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Quarantine Tips: Medication Safety during COVID-19

Cardinal Innovations Healthcare — abril 9, 2020 — 3 min de lectura
Misused medication affects 18 million people in the United States each year. You can protect your family from the dangers of misusing prescription drugs by storing them safely.

Medication Misuse Fast Facts

  • Each year more than 60,000 young children go to the emergency room because they ingested a family member’s prescription medication
  • Teens aged 12 to 17 make up almost 5% of prescription misuse in the U.S.
  • 18- to 25-year-olds make up more than 14% of nonmedical prescription use
  • Teens and young adults who misuse prescription drugs are more likely to use other drugs

Increased Risk of Medication Misuse during COVID-19 Quarantine

As schools and colleges across the nation close their facilities due to the COVID-19 pandemic, many children, teens, and young adults are home all day. Because of widespread layoffs and stay-at-home orders, many parents and caregivers are facing unemployment, working from home, and helping their children with online learning. Some must also juggle working in an essential industry while caring for elderly parents or high-risk relatives.

With bored children in the house and worried parents dealing with pandemic-related challenges, there’s a higher chance that prescription medication could be misused if left unlocked and in reach.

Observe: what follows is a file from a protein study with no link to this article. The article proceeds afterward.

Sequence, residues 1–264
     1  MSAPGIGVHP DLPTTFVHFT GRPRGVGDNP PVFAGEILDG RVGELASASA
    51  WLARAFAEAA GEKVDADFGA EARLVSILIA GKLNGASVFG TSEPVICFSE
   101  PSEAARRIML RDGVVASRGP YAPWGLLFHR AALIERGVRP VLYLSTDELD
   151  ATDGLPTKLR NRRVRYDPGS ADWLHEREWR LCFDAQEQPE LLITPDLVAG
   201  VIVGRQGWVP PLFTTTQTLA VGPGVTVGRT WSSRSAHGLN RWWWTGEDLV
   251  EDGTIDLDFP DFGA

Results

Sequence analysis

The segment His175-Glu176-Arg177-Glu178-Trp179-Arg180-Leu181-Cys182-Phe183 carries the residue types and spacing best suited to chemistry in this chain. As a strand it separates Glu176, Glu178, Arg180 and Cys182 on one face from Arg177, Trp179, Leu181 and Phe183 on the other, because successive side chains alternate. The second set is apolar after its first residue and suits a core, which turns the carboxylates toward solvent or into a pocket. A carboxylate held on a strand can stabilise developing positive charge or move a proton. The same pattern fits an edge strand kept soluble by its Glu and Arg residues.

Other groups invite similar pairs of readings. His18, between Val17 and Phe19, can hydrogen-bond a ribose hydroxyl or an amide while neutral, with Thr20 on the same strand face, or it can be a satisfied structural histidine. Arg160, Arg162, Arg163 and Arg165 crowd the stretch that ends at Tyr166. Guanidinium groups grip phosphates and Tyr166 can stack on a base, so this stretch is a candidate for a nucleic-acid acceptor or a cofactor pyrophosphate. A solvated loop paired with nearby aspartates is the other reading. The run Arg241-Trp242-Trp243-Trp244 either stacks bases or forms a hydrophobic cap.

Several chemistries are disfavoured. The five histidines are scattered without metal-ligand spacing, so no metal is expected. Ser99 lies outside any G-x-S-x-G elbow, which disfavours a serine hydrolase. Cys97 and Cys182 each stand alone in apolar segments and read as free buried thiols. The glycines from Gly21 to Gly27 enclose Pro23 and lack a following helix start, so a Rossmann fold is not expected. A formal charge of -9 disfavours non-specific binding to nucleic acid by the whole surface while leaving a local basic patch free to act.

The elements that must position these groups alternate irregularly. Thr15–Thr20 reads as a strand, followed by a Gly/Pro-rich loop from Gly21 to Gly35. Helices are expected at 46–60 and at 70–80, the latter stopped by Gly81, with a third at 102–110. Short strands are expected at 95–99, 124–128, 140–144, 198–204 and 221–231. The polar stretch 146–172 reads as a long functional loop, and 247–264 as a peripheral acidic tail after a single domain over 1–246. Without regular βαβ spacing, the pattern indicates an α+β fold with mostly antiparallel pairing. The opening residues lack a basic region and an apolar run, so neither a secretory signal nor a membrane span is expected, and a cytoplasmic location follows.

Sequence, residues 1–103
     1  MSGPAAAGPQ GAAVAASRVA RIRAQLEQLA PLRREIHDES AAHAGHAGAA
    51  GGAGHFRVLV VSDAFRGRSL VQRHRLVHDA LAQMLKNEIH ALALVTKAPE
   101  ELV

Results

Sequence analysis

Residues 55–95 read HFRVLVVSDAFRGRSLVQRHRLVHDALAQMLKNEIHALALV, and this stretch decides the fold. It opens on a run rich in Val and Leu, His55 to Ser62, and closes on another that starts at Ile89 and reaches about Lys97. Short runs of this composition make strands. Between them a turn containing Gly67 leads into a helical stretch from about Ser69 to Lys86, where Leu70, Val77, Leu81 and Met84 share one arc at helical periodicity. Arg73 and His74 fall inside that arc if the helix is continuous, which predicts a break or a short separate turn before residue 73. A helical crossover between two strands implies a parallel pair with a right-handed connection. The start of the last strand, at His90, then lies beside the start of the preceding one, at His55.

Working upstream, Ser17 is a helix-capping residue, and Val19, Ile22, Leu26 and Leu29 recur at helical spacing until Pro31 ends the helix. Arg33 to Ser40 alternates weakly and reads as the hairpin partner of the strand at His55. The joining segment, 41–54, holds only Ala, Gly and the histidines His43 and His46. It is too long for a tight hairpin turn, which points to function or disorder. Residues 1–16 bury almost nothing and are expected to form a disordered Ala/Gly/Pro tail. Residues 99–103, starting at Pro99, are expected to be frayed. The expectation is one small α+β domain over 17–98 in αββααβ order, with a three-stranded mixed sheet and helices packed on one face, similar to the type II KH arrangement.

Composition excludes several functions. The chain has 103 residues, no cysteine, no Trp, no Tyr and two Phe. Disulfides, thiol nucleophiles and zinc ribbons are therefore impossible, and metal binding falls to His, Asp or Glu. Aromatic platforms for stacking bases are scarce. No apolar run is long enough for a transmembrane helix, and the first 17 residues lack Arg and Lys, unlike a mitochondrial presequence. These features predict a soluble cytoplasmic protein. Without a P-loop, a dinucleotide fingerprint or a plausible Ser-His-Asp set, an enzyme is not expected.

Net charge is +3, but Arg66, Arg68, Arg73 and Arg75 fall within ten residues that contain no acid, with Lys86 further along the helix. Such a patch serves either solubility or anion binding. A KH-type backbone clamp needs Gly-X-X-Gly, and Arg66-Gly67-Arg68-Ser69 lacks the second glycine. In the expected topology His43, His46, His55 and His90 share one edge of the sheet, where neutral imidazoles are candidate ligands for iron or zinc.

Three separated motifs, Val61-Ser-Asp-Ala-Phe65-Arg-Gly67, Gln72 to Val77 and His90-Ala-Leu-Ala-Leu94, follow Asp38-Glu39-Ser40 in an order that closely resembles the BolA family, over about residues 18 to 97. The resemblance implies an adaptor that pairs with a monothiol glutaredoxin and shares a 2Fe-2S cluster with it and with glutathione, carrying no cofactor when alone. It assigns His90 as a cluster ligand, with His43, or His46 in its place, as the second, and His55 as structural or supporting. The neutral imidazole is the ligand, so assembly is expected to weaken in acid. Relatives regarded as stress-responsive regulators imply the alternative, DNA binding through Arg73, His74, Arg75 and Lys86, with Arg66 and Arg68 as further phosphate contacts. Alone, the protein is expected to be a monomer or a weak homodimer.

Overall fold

To avoid a medical crisis and keep your loved ones safe from prescription drug misuse, follow the tips below:

Medication Storage and Safety Tips to Follow during Quarantine

1. Check for expired medication.
Expired and unused medication should not be thrown away in the trash can. See the section below for tips on disposing of prescription medication while socially isolating.

2. Choose a spot for storing your medicine.
Store medicine in hard-to-reach and hard-to-see places. Children and pets should not be able to get to these areas easily.

3. Always close and put away medicine after use.
You should always close your medicine containers after use. Every. Single. Time. This means twisting the lid of the container as far as it will go or until the child lock clicks.

4. Keep prescription narcotics locked away.
Prescription narcotics (morphine, opioids, codeine, etc.) are highly addictive and especially dangerous to children and teens. Keep these types of medicines locked up in a lockbox or a locked cabinet or drawer.

5. Be cautious with prescription narcotics.
Furthermore, if you or a loved one is prescribed a narcotic, be on the lookout for irregular or secretive behavior. Even those with legal prescriptions can become addicted if not monitored closely by doctors. If you think you or a loved one might be misusing prescription opioids, take our anonymous, free mental health screening.

6. Talk to your children, teens, and other family members about medication safety.
It’s important to talk with those you are caring for about prescription medication habits. The U.S. Food and Drug Administration created this helpful guide for discussing medicine safety with children.

Disposing of Prescription Medication When You’re Socially Isolating

If you throw unused or expired prescriptions in the trash, you risk another person finding and taking them. To safely get rid of your unused/expired medication, drop them off at any drug take-back collection site. You can also usually drop them off at pharmacies with collection kiosks like Walgreens and CVS.

When you drop off your medication at the collection site, be sure to remain six or more feet away from others and practice proper hygiene. If you are sick, wear a mask or get another family member to go for you if possible.

If there are no nearby collection sites, follow the instructions on the medicine label. If there are no disposal instructions, follow these steps for safe disposal at home.
Coronavirus (COVID-19)

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